By Allan Lengel
Eric Holder Jr./ticklethewire.com file photo
WASHINGTON – Because Congress has blocked Gitmo detainees from being prosecuted in civilian court, Atty. Gen. Eric Holder Jr. said Monday that 9/11 mastermind Khalid Sheikh Mohammed and four others will stand trial in a military court in Gitmo.
The announcement marked a sharp reversal of his announcement in November 2009 that the men would be prosecuted in federal court in New York.
“Unfortunately, since I made that decision, Members of Congress have intervened and imposed restrictions blocking the administration from bringing any Guantanamo detainees to trial in the United States, regardless of the venue,” he said in a statement. “As the President has said, those unwise and unwarranted restrictions undermine our counterterrorism efforts and could harm our national security.”
“After thoroughly studying the case, it became clear to me that the best venue for prosecution was in federal court. I stand by that decision today.
“As the indictment unsealed today reveals, we were prepared to bring a powerful case against Khalid Sheikh Mohammed and his four co-conspirators – one of the most well-researched and documented cases I have ever seen in my decades of experience as a prosecutor.
“We had carefully evaluated the evidence and concluded that we could prove the defendants’ guilt while adhering to the bedrock traditions and values of our laws. We had consulted extensively with the intelligence community and developed detailed plans for handling classified evidence.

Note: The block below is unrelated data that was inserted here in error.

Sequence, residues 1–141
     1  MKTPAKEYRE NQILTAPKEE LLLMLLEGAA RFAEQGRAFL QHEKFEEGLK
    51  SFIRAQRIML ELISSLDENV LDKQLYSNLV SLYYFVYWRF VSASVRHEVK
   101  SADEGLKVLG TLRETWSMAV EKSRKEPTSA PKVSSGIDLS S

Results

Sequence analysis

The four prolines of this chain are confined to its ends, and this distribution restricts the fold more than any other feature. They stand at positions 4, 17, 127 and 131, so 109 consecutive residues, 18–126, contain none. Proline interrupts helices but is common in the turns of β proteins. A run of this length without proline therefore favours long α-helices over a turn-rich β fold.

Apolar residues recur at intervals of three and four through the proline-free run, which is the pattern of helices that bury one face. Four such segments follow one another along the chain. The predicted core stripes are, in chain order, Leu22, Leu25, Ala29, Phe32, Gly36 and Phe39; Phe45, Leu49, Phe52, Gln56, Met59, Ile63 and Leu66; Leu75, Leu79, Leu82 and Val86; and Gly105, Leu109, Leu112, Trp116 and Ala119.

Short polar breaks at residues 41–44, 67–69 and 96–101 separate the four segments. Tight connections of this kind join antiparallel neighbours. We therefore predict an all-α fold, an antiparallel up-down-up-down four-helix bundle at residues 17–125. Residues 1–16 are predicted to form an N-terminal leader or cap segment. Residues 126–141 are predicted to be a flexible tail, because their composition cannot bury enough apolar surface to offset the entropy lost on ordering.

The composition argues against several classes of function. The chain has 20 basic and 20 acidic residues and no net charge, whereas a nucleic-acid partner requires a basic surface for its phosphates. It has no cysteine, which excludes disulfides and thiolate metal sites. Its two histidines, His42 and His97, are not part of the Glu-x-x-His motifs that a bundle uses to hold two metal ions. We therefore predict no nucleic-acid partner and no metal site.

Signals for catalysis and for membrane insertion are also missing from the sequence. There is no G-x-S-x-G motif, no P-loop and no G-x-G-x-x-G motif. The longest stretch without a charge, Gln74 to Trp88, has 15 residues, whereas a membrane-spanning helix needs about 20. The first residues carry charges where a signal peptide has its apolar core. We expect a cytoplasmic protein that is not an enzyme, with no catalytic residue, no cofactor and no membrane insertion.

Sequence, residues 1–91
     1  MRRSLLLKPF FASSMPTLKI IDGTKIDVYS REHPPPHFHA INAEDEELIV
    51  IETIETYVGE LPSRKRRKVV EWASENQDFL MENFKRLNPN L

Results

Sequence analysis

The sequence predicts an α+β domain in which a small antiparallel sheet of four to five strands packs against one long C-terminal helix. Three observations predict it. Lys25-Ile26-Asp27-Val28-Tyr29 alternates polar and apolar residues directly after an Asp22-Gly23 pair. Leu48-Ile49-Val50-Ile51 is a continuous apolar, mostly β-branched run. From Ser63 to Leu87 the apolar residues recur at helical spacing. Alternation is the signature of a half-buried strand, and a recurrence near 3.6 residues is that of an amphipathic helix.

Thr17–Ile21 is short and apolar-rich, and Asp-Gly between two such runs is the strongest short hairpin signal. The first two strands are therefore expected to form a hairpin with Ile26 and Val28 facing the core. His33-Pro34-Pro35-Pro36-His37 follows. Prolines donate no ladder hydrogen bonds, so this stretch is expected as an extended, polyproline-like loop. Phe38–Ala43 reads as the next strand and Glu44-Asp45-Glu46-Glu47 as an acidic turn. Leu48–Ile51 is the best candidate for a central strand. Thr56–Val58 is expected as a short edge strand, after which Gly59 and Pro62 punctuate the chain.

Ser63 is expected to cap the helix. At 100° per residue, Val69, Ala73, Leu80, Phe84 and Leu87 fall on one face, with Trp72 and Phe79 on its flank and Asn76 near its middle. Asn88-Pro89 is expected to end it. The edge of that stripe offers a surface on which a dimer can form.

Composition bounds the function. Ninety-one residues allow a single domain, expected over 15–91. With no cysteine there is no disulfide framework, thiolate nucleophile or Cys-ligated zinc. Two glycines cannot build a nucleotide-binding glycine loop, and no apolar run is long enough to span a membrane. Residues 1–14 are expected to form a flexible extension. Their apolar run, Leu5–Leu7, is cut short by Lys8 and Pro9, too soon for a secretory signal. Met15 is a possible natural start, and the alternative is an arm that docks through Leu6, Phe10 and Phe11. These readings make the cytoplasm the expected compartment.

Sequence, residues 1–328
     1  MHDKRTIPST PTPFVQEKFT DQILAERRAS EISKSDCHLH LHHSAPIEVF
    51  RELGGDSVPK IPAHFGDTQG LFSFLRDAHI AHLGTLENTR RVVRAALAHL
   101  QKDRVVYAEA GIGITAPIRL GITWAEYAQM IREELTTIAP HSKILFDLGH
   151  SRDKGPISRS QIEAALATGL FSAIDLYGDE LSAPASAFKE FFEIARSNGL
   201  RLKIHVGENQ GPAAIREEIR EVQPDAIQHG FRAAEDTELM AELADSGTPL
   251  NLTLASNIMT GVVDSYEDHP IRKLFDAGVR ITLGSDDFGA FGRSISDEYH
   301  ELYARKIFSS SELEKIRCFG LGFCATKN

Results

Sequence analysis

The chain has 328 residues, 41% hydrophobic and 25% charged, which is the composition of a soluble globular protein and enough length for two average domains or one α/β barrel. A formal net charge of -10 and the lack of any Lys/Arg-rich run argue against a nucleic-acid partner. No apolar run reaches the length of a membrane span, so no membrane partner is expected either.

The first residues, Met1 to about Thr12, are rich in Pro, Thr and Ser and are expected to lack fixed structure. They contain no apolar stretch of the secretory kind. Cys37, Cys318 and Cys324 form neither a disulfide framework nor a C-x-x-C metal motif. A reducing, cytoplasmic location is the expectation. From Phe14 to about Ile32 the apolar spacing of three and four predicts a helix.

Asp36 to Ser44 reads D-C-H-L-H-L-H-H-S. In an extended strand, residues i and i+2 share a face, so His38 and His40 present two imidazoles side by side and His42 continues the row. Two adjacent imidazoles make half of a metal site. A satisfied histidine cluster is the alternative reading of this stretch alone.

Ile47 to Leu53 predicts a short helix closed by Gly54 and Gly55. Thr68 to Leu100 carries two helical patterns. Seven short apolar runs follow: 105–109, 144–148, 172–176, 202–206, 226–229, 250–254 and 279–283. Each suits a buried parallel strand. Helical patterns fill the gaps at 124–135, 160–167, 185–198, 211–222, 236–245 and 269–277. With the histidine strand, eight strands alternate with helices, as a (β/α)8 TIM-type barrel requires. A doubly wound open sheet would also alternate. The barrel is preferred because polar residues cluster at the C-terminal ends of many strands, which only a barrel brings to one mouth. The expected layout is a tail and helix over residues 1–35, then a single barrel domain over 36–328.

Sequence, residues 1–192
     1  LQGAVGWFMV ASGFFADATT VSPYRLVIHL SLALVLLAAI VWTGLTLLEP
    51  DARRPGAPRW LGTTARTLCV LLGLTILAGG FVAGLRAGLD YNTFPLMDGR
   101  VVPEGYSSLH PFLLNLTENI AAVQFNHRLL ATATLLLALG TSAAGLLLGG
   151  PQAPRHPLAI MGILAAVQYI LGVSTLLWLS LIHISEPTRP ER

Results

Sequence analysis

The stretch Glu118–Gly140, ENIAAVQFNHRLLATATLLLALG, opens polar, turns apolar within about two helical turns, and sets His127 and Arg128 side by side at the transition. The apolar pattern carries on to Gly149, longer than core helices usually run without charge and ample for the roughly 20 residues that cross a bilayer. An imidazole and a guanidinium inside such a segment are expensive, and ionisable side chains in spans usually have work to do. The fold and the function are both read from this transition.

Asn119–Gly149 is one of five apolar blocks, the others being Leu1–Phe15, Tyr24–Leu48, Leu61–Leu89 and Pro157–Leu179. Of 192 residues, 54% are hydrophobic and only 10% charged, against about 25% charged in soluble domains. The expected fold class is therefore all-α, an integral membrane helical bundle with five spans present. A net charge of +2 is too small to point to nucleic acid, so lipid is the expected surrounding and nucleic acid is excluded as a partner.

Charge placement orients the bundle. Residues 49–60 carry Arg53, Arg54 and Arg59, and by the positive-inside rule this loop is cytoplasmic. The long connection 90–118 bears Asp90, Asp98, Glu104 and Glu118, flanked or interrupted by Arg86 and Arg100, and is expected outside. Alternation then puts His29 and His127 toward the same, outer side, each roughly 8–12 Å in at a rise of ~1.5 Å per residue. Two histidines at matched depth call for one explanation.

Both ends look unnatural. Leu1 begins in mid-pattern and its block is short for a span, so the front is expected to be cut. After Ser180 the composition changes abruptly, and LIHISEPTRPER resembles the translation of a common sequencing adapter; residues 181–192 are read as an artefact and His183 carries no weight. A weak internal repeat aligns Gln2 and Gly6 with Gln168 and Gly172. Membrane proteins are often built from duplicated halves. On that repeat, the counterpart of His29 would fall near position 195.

“Had this case proceeded in Manhattan or in an alternative venue in the United States, as I seriously explored in the past year, I am confident that our justice system would have performed with the same distinction that has been its hallmark for over two hundred years.
“Decisions about who, where and how to prosecute have always been – and must remain – the responsibility of the executive branch. Members of Congress simply do not have access to the evidence and other information necessary to make prosecution judgments. Yet they have taken one of the nation’s most tested counterterrorism tools off the table and tied our hands in a way that could have serious ramifications. We will continue to seek to repeal those restrictions.”
(Read more of his statement)
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